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Staff Sgt. Timothy Hooper, 25, of New Orleans, left, interviews Iraqis who saw a carload of people plant a roadside bomb in Baghdad Friday afternoon. Man at right is an interpreter.

Staff Sgt. Timothy Hooper, 25, of New Orleans, left, interviews Iraqis who saw a carload of people plant a roadside bomb in Baghdad Friday afternoon. Man at right is an interpreter. (Teri Weaver / S&S)

BAGHDAD — A dozen U.S. infantry soldiers spent Friday releasing detained Iraqis, interviewing witnesses to a bombing and scouting out different sites on their beat in this war-torn city.

“We’re basically cops,” said 1st Lt. Ryan Henderson, 28, of Lafayette, La.

As the American and Iraqi forces try to impress more law and order in Baghdad, infantry platoons within the 2nd Battalion, 256th Brigade Combat Team have combined police work with military tactics in an effort to make the city safer, according to Henderson, who leads 1st Platoon, Company A.

On Friday, that meant listening for any anti-American messages announced from a mosque on Islam’s holy day. It also meant patrolling the main streets of Shula and Kadhimiya, two sections of Baghdad near the Green Zone, much like police would back home.

“Yeah, except for getting blown up,” said Staff Sgt. Josh Robert, 25, of Breaux Bridge, La.

The soldiers face constant worries about sniper fire, a suicide car bomber, a rocket-propelled grenade or a roadside bomb. To prevent attacks, the soldiers brake as seldom as possible in their armored Humvees, equipped with air conditioning to combat the 114-degree heat. It often means the infantry’s patrols barrel through Iraqi boulevards and highways at 40 to 50 mph, shouting and honking at pedestrians and drivers who don’t yield.

Some of the platoon’s missions also involve capturing, and then returning, people suspected of supporting the insurgency. The scenario is not uncommon, the soldiers said Friday, and some jokingly referred to it as the military’s “catch-and-release” program.

A week earlier, the platoon had been assigned a night detail to detain a suspected insurgent at a home. The platoon raided the home and found four men and a stock of hidden guns, but not the wanted insurgent.

The platoon brought four Iraqis back to Camp Liberty, where they were detained for a week. Turns out the men were friends of an Iraqi informant to the U.S. military, and officials accepted their explanation that the owner of the home was a gunsmith, according to Henderson and Robert.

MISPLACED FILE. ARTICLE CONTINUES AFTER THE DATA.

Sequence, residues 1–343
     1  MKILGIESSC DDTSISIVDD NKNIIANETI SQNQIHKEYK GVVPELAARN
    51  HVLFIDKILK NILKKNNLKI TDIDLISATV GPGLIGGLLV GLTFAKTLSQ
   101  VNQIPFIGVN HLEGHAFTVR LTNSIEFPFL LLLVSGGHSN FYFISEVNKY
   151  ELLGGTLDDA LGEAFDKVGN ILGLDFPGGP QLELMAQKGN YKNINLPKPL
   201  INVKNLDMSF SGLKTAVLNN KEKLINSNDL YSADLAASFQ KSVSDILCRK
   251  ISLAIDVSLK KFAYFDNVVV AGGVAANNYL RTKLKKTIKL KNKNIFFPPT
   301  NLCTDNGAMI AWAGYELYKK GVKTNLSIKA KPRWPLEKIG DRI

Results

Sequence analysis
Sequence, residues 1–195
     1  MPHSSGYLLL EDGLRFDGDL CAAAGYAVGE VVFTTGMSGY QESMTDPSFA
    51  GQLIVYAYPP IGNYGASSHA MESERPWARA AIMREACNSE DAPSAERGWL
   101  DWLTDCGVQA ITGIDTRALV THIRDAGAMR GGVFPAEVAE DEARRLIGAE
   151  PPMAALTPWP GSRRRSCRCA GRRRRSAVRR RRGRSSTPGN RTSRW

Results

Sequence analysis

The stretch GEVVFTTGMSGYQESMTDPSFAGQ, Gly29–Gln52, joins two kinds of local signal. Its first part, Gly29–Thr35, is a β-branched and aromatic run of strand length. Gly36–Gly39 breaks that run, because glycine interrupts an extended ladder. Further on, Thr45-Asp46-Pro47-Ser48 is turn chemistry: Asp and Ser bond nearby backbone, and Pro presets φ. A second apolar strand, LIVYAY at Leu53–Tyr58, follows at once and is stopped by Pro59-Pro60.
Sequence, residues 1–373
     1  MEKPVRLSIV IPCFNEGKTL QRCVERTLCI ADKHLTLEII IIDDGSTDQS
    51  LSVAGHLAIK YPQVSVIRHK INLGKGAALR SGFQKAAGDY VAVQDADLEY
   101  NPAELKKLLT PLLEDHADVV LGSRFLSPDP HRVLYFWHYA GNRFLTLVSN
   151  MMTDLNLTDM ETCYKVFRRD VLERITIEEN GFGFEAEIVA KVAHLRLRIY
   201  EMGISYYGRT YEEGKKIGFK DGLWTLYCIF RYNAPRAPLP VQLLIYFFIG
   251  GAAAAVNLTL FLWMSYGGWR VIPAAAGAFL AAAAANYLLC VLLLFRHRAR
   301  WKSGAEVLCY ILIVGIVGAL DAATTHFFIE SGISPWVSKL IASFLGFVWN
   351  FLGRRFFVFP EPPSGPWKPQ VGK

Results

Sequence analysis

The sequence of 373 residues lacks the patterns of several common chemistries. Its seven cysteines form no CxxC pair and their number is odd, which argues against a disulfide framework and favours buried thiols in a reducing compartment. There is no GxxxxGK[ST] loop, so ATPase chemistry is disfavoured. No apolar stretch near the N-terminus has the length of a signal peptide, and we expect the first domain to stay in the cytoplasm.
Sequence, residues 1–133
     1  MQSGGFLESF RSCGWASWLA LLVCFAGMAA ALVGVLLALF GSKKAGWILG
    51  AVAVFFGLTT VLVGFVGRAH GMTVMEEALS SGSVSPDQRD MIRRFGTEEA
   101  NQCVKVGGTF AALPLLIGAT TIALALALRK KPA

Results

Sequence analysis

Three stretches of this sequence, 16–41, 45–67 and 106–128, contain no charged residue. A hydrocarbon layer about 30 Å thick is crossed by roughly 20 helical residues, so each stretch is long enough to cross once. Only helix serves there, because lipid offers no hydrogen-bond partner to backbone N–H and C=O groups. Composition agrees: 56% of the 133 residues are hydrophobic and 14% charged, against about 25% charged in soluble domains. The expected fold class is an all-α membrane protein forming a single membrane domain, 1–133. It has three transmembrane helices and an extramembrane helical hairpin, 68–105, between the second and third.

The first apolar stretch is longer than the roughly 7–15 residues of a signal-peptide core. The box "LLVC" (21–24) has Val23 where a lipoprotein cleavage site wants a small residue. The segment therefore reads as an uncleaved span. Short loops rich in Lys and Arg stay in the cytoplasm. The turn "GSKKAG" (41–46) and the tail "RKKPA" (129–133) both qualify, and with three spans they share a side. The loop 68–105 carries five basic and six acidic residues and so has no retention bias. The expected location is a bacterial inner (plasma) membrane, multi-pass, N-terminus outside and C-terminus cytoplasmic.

On Friday, the platoon dropped off the four men in flip-flops, boxer shorts and stained, sleeveless undershirts. All four men shook hands with Henderson before the soldiers left.

“It’s quiet today,” Robert said a few minutes after 3 p.m., as the group parked in a shady place to monitor the area.

Ten minutes later, a roadside bomb exploded a few hundred meters away on a main route for U.S. military trucks. Another convoy was near the explosion — which blew away a tree — but no one was injured. Those trucks were ordered to move on, and it became 1st Platoon’s job to go investigate.

They found a group of Iraqis within eyeshot of the explosion who were scared but not hurt. Through an interpreter, they told the soldiers they had seen the car with a man and two women who had thrown out the bomb just before the convoy rolled through.

They also said the insurgents often use the small trees on the side of the roads as markers for the bombs, a new piece of information for the company, Henderson said.

These Iraqis have helped the United States before, said Staff Sgt. Timothy Hooper, 25, of New Orleans. About two weeks earlier, the same group of people saw a bomb placed and called the Iraqi police. Before the cops arrived, a U.S. convoy neared the area. The people flagged down the soldiers and told them about the bomb, Hooper said.

This time, the soldiers passed on the phone number for a tip line the Americans have set up for Baghdad residents. The people were reluctant to take the paper for fear that other Iraqis, perhaps supporters of the insurgency, might see it.

“Call us,” Hooper urged them. “We’re here to help.”

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